The students, ten of them this fall, rose to the challenge. “I had a terrific group of students—I couldn’t have asked for a better group as a first-time novice professor,” says Neal. “They were self-selected, of course—the ones who really wanted transactional skills courses. They were really diligent and determined to wring every benefit they could out of the course and worked really hard. It made the experience a tremendous amount of fun.” The students who took the course weren’t necessarily just the transactionally minded students—a few of the students indicated that they were likely to become litigators, but that they wanted to take every legal writing course the Law School offered. Neal thinks contract drafting is an important skill for any lawyer and one that is currently missing from most first-year legal writing programs, including our own. “It’s a completely different kind of legal writing than brief writing—the goal isn’t to persuade someone of a position, but to very clearly specify what has been agreed in a way that, hopefully, will leave no uncertainty when people go back to look at it in the future.”
Neal assigned weekly written exercises because “you can talk about drafting all you want, you can read about it all you want, but until you roll up your sleeves and do it, several times, and make a bunch of mistakes, you won’t really understand it. Things that seem simple when agreed orally can turn out to be much more complex when you try to commit them to a precise provision.” Sometimes the students drafted or revised certain limited provisions, and sometimes they had longer assignments such as drafting or revising a whole contract given with certain facts. The small size of the class allowed her to give very detailed and specific feedback on these assignments every week. In class, Neal led the students through lots of exercises, sometimes doing the first few steps of a large drafting assignment together to brainstorm about how to organize or express certain ideas. Each week, Neal would also go over model answers for the weekly assignments, recognizing that there isn’t necessarily a single “right” way to do something, but there are often better ways. Late in the course, Neal had the students go back to the very first contract they wrote and revise it based on everything they’d learned during the intervening time. “It made them realize how much they really had learned in a short time,” Neal noted, “and how much more competent they felt the second time around.”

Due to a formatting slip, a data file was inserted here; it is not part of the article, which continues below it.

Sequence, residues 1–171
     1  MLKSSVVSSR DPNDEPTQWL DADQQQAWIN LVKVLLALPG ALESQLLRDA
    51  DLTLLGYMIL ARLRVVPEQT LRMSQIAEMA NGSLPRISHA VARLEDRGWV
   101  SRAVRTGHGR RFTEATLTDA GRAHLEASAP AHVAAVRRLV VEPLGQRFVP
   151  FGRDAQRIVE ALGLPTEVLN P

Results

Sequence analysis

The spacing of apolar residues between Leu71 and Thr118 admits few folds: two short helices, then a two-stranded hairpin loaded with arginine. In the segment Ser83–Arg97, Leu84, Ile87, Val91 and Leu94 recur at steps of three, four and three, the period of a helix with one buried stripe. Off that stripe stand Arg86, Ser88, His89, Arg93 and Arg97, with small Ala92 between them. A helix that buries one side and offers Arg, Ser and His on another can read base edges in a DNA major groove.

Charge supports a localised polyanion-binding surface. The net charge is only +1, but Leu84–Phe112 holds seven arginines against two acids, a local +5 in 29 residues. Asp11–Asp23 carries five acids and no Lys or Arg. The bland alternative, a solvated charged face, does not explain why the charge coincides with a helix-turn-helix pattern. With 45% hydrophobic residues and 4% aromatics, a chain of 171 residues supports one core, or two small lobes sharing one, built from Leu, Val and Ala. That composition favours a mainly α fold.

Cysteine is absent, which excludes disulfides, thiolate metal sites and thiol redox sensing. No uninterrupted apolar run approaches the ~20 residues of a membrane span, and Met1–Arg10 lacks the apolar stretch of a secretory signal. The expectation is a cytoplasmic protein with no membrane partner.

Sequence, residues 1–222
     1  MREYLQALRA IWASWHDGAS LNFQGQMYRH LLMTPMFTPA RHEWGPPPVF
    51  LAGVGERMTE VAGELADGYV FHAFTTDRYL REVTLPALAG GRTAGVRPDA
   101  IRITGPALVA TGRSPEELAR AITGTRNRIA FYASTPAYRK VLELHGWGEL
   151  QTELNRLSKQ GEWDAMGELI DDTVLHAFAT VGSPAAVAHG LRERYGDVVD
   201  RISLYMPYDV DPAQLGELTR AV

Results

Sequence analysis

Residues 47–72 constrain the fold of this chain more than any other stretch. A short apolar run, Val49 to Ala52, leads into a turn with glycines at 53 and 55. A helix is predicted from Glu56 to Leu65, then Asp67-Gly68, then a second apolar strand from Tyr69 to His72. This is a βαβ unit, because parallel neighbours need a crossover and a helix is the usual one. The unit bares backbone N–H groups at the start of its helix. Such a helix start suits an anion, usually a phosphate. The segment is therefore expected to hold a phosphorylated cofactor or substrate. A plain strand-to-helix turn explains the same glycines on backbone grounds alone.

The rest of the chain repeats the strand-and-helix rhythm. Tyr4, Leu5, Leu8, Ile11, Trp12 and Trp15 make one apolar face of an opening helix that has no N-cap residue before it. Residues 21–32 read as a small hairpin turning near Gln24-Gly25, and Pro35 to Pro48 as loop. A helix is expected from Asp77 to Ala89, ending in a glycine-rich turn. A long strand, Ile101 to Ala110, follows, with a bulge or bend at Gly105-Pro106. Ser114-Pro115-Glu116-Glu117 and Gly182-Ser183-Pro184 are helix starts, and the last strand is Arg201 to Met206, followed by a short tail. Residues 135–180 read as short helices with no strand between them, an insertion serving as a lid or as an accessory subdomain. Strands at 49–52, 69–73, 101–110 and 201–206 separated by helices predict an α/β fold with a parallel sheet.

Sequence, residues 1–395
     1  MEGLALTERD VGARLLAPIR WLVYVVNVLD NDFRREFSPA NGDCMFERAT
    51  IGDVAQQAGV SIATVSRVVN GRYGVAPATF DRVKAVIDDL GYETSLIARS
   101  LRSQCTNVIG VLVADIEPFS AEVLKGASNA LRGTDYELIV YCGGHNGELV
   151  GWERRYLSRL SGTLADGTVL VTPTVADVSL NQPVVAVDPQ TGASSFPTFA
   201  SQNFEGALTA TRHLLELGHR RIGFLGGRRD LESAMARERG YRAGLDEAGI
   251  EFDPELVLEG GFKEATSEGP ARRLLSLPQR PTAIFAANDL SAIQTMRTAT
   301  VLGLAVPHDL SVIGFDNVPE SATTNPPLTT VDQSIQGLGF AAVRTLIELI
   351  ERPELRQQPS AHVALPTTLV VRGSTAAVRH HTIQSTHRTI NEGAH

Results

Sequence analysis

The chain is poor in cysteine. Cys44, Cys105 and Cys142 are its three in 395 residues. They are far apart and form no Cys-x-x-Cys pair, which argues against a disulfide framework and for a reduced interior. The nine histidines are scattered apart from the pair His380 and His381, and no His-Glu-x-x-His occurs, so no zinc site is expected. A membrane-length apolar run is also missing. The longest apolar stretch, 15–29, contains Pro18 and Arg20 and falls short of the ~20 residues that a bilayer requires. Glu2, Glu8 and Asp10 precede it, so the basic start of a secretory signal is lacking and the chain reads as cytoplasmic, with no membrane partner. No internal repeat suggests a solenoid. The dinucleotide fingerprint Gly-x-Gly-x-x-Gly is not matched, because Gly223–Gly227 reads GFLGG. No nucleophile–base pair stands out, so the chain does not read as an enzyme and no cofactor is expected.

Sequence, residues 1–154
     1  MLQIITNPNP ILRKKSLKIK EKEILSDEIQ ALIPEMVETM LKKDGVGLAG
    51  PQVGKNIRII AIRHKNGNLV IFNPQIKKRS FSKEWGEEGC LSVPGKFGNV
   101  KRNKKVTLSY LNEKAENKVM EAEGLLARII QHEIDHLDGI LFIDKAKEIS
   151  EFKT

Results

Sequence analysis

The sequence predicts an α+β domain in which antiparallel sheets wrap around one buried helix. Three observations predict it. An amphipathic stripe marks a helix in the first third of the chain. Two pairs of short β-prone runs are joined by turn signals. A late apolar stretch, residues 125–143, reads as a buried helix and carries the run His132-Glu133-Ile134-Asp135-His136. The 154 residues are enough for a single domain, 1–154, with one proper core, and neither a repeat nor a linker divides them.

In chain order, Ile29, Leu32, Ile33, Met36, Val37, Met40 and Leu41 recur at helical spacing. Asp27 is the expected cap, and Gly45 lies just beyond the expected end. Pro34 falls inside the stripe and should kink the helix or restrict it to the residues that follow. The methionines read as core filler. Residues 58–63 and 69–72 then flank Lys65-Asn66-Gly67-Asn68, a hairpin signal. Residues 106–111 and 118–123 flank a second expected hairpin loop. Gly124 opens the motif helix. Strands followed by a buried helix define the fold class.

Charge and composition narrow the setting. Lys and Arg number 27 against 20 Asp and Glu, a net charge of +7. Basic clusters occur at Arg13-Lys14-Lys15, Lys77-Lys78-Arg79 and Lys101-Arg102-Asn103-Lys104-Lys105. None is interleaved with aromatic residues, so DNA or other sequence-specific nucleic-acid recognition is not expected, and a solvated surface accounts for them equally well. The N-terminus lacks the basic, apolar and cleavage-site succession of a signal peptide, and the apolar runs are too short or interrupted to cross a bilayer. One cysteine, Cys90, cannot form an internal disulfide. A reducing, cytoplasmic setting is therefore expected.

The final exam required the students to mark up a contract based on a cover memo containing their client’s instructions and concerns. Neal thinks the final was the most complex thing they were given all quarter, and that it really tested everything they’d learned.